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Madonna V2.2 "Park Rat" - RAAW of the Month September

The time has finally come, you've graduated high school and now you have a year off ahead of you. The plan? First, work for a few months straight and save up, and then, in spring, start the trip of a lifetime. That's exactly what Tristan did. A four-month trip to Canada is an absolutely exceptional dream for every biker and having the right tool for the job is mandatory. Tristan’s bike for his trip to Canada had to be able to cope with everything; his solution is the Madonna with two different setups.

After Tristan had spent half a year working at an assembly line and as a postman, the trip to Canada could begin and the perfect bike for Canada had to be found. The requirements? " It was clear that I wanted to ride as much as possible, every single day, with the least amount of defects. There was really no other bike like the Madonna for me to choose from. A big enduro-big made of aluminium. The bike had to be a tank and survive everything I had in mind and more. You can see at the build as well. Thick 35mm aluminium rims, double down tyres and a sturdy coil shock were just the right decision. "

Many films shot in Canada such as 'Motive', 'From the Inside Out' and ' The Moment ' started Tristan’s dreams to do this trip. " Ever since I was riding bikes and since the first time the movie ‘Motive’ by the Coastal Crew was playing continuously on my iPod, I was just infected. Seeing the places I only knew from the internet was just a dream until recently. But with high school graduation and a few many jobs on assembly lines and as a mailman later, I was suddenly standing on Mount Seymour in Canada and for one brief, big moment I was probably the happiest little big kid in Canada. "

Tristan started his journey in April 2022 on his Madonna with a solid build; a dropper post, bottle cage and 12-speed drivetrain were fitted as most of us do. The enduro setup survived the first weeks in Canada well, many shuttle runs and also pedaled vertical in the Sea-to-Sky corridor in wet conditions were no problem for now. However, the bike park season was just around the corner and a lot of time was to be spent in Whistler. The stress and wear and tear of the bike park, and Whistler in particular, is just brutal and quickly Tristan realised that while his enduro setup on his Madonna was great for a few days in the park, it wasn't going to last the whole summer. " I had stripped my Madonna down to the bare minimum during my time in Whistler, with buddies who only had downhill bikes with single speed setups. I just realised that if parts last a week in Whistler, they probably last a month in Germany. Singlespeed is a must, the long 12-speed derailleurs just give up after one lap on Garbanzo. I had already broken two and managed to make one rear “derailleur”, that was at least single speed capable, out of the two broken ones. There were no screws left in the derailleur. Only the limiter screw for the highest gear and a zip-tie remained. For a while I even rode without a rear derailleur and chain, which was actually no problem. Another must-have is an inner tube and 3 bar pressure in the rear tyre and a firm spring for more pop and hucks. Not having any bells and whistles on the bike, not even a dropper post, just looks clean for one thing, but also makes sense if you ever throw away a flip, for example, not as much can break. "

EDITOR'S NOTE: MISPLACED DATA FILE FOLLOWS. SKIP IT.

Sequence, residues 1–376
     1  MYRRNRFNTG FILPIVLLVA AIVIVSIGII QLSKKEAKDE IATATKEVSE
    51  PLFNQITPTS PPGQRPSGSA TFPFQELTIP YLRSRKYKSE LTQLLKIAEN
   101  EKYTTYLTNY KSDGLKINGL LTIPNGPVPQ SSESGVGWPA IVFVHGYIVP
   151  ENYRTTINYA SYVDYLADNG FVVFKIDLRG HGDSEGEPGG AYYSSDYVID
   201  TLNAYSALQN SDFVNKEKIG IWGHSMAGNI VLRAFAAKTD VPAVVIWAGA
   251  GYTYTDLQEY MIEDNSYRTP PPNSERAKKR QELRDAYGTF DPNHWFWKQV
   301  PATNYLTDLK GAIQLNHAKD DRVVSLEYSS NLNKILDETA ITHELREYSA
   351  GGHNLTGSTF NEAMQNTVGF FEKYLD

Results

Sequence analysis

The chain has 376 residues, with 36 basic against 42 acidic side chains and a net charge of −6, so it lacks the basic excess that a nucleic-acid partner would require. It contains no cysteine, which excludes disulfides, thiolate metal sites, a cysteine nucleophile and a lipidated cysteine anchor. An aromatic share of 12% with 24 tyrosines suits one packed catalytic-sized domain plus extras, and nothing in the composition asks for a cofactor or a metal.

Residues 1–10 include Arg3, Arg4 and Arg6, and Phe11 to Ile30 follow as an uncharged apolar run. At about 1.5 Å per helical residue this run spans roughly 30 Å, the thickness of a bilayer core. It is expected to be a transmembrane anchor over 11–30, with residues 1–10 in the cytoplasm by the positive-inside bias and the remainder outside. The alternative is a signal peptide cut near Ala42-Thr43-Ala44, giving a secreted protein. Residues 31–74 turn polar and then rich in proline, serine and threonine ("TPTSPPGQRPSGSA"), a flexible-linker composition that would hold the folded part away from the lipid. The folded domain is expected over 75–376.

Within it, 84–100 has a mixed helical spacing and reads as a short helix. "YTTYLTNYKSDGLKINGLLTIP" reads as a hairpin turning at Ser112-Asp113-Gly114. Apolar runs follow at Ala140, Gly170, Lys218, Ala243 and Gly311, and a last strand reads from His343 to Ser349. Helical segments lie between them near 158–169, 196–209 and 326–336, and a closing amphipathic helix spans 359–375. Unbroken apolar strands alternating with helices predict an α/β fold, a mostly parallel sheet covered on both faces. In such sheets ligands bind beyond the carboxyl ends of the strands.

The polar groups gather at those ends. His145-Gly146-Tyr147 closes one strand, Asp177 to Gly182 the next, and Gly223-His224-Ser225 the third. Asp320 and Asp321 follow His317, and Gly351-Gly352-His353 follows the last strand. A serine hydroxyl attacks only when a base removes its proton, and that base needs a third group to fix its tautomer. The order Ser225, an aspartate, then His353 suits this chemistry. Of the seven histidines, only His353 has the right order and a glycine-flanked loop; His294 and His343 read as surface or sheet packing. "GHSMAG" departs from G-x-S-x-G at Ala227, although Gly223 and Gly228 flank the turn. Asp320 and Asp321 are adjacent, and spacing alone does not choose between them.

In addition to the single speed drivetrain, more tyre pressure and a firmer suspension, the dropper post and saddle were also replaced. This meant that there were only two brake levers and two grips on the handlebars, which could not have been cleaner in terms of appearance. But the bike itself was never clean, really. It was ridden every day and then stowed away in the camper. And the bottle cage? It's practical, but Tristan explains why it had to come off with a little grin on his face: " Why no bottle cage on A-Line? You don't need one! The only thing that keeps you hydrated during the day are the water fountains in the lift line a tasteless Kokanee beer at Longhorn after the bikepark closes at 8. "

Did everything on Tristan’s bike survive over the four months in British Columbia with lots of rain, dust, loamers and jumps? Not quite, but on the whole the bike survived the intensive cure well. " What wore out quickly were the tyres and brake pads. Due to crashes and the odd huck, a few spokes also snapped, but I was just happy when the tyre didn't rub against the frame. Every component gave up sooner or later, but that’s how it goes. What has to be mentioned is that at the end of the trip I loaded the frame-shock combination back into the bike bag just like I did in Germany before my trip, shoutout RAAW! I couldn't have had a better bike for the trip than the Madonna! "

Enduro Setup

Frame Madonna V2.2, matte black, Size M
Fork Fox 38 170 mm
Rear shock EXT Storia - 475 lbs
Wheelset Non+ Components Aluminium
Tires Front: Maxxis Assegai DD / Rear: Maxxis DHR DD with Pepis Tire Noodle